Adopting a container-based platform is the primary way development teams are streamlining their work and implementing secure DevOps. Pulling down a publicly available container image saves a lot of image preparation time. Automated toolchains also enable teams to develop and deploy innovative new apps more quickly, delivering frequent updates to customers.
Safeguarding data associated with those apps is critical. While app developers may understand the general need to add safeguards, they are not necessarily security experts. Today, addressing complex security challenges means enabling developers to seamlessly build security into their creations without delaying (or derailing) the DevOps process.
Though a public software image is convenient to re-use, you don’t know what’s in it. Trusting the uploader is a risk that is bound to compromise app data at some point. Is the time it takes to verify that a public image is free of vulnerabilities greater than the time saved in building the image yourself?
Since there’s really no substitute for scanning every image before releasing it into the DevOps pipeline proper, expect any cloud platform to provide an efficient way of doing it. IBM Cloud Container Service, for example, offers a Vulnerability Advisor (VA) scanning tool that operates on images in repositories, and in both static and live containers. Alerts are tiered and make recommendations.
VA inspects every layer of every image in a cloud customer’s private registry to help detect vulnerabilities or malware before image deployment. While that’s a good start, to catch problems like drift in from static to live containers, VA also scans running containers for anomalies.
Other VA capabilities include:
To start, containers present attackers with a larger attack surface to target. Containerization has specific structural and operational elements that require special attention, mainly the underlying shared kernel architecture of containers that beyond securing the host requires maintaining standard configurations and container profiles.
Then there is the issue of a lack of visibility which can obscure vulnerabilities and prevent proper planning for remediation activities. In containerized environments, images are constantly added to the organization’s private registry or hub, and containers running the images are spun up and taken down. This flux of alternating runtimes means that images or containers that are not in use at the time of a scan at the Kubernetes stage will be harder to identify. Therefore it necessitates performing container security scanning at earlier stages of the build process if we want to be sure that nothing is missed.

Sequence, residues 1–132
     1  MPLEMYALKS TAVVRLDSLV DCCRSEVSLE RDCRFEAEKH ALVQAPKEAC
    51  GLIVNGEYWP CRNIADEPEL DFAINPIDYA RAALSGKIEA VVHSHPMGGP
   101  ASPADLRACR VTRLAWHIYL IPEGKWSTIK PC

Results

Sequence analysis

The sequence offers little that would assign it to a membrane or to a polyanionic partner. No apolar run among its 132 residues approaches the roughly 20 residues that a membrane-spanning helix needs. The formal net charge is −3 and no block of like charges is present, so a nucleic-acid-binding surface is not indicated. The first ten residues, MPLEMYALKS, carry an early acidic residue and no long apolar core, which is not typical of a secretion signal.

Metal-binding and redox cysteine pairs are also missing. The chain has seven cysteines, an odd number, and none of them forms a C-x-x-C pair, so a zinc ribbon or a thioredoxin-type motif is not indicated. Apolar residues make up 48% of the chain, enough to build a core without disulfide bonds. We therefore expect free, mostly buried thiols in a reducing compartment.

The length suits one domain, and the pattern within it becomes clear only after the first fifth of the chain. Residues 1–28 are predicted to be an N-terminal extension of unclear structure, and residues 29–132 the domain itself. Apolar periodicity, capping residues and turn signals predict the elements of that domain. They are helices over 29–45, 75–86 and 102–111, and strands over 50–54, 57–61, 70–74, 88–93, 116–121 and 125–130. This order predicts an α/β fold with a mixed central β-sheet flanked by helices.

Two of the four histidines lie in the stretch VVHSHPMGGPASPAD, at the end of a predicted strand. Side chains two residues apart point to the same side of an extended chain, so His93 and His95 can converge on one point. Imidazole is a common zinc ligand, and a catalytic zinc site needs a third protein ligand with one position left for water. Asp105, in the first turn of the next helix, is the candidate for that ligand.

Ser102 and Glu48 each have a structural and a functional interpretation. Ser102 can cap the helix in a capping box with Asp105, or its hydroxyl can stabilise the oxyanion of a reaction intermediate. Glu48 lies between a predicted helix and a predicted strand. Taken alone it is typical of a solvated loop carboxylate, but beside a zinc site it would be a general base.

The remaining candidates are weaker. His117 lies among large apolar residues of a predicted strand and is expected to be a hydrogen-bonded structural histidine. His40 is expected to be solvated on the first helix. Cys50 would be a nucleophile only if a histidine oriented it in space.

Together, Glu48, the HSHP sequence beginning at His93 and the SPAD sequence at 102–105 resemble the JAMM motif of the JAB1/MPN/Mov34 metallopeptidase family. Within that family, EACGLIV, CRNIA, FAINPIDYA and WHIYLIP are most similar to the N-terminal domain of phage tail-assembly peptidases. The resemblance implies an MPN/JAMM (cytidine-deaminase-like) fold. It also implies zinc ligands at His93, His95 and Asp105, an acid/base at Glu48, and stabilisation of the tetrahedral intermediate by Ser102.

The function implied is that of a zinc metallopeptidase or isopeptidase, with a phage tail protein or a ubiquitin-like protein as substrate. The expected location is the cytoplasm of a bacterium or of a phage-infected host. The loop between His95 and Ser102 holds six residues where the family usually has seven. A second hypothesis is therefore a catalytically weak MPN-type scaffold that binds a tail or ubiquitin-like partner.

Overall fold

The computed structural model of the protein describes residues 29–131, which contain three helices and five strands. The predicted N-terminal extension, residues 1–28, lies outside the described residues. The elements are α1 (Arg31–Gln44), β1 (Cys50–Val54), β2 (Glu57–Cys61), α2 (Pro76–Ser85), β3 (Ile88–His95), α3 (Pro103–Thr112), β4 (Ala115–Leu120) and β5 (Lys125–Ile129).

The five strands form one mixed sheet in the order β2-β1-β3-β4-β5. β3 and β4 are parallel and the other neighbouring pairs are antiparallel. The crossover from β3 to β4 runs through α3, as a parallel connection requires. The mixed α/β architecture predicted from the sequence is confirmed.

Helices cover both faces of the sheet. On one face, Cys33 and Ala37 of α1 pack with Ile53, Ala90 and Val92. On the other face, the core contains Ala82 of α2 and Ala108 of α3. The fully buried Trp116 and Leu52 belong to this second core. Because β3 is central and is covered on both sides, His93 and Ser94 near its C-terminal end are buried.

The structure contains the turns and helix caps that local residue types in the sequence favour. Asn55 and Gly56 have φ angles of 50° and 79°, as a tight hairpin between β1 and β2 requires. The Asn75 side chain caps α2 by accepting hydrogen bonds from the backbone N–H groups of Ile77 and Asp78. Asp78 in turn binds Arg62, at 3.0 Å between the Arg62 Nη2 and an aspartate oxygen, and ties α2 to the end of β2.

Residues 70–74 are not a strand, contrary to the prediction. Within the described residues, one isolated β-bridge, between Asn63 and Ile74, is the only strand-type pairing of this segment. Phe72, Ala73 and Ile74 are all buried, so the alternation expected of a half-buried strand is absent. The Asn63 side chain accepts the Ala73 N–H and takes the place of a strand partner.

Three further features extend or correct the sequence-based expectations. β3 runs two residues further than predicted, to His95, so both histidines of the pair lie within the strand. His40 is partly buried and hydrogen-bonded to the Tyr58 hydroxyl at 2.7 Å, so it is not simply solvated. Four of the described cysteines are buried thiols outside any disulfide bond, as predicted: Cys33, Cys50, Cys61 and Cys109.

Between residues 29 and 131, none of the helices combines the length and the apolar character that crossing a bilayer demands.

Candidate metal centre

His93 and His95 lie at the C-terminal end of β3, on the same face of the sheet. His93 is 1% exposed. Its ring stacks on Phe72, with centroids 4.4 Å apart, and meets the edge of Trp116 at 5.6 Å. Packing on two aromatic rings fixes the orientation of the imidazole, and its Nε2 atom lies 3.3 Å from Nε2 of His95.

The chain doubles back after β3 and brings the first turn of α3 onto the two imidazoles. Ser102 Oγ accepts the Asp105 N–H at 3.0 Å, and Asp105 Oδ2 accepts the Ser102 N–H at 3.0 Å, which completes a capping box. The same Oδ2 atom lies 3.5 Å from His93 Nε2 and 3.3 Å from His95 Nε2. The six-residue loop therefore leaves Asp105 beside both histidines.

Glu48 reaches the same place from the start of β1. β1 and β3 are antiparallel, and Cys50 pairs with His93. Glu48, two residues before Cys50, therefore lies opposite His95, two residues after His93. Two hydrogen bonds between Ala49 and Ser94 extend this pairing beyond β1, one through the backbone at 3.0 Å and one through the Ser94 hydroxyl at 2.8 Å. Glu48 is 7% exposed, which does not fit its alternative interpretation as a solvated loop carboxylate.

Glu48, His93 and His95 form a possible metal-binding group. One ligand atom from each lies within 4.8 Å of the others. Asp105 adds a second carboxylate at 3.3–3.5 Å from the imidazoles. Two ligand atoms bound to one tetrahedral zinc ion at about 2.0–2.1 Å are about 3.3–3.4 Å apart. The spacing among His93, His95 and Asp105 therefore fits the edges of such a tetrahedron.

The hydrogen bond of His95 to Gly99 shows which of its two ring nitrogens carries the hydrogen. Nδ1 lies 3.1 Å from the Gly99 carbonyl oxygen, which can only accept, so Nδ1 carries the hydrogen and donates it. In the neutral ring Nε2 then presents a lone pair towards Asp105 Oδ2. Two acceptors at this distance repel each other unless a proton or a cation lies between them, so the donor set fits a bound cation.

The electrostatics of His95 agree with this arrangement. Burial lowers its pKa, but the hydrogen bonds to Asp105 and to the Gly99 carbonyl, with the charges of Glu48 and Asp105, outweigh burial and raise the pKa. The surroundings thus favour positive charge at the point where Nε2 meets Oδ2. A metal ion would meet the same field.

Working securely with containers comes as a part of a wider development and ops security strategy that looks to implement viable practices, especially as more of the development and deployment moves to the cloud.
- Sign your images
- Don’t use root access
- Perform Container Security Scanning For Vulnerabilities In Your Registries
To verify the validity of sources of images pushed to public and private repositories, we have to sign them with a digital signature. For example for Docker, you should use Docker Content Trust (DCT), while Microsoft has their Shared Access Signature (SAS).
The aim of the digital signature technology is to deploy a signing and encryption system that is reliable on both ends of the network so that security over the network is not an issue.
Running a process inside a container is quite similar to running it from within a VM. Just as you would not use a root user in an application process, the same idea is relevant to containers as well.
The general recommendation here would be to simply run the process as a user with a known uid, and not as root. This will make sure that access will be limited for that user only. Our goal here is that it is not only secure by default, but it is also easier to keep secure going forward. You can assign different permissions to different users, and make sure you have stable role-based access to your containers.
Vulnerabilities are an inevitability in software development. However, with the proper tools, the risks to your products can be tracked and managed. By performing container security scanning at all stages of the SDLC, including in the container registries and the deployment orchestration, your operations teams can gain a clear understanding of what is inside your container, providing you with a bill of materials for the container image and information on any known vulnerabilities are discovered there.
For example, in Docker hub, you can get automated insights that will improve your organization’s ability to meet your compliance requirements and prevent security breaches.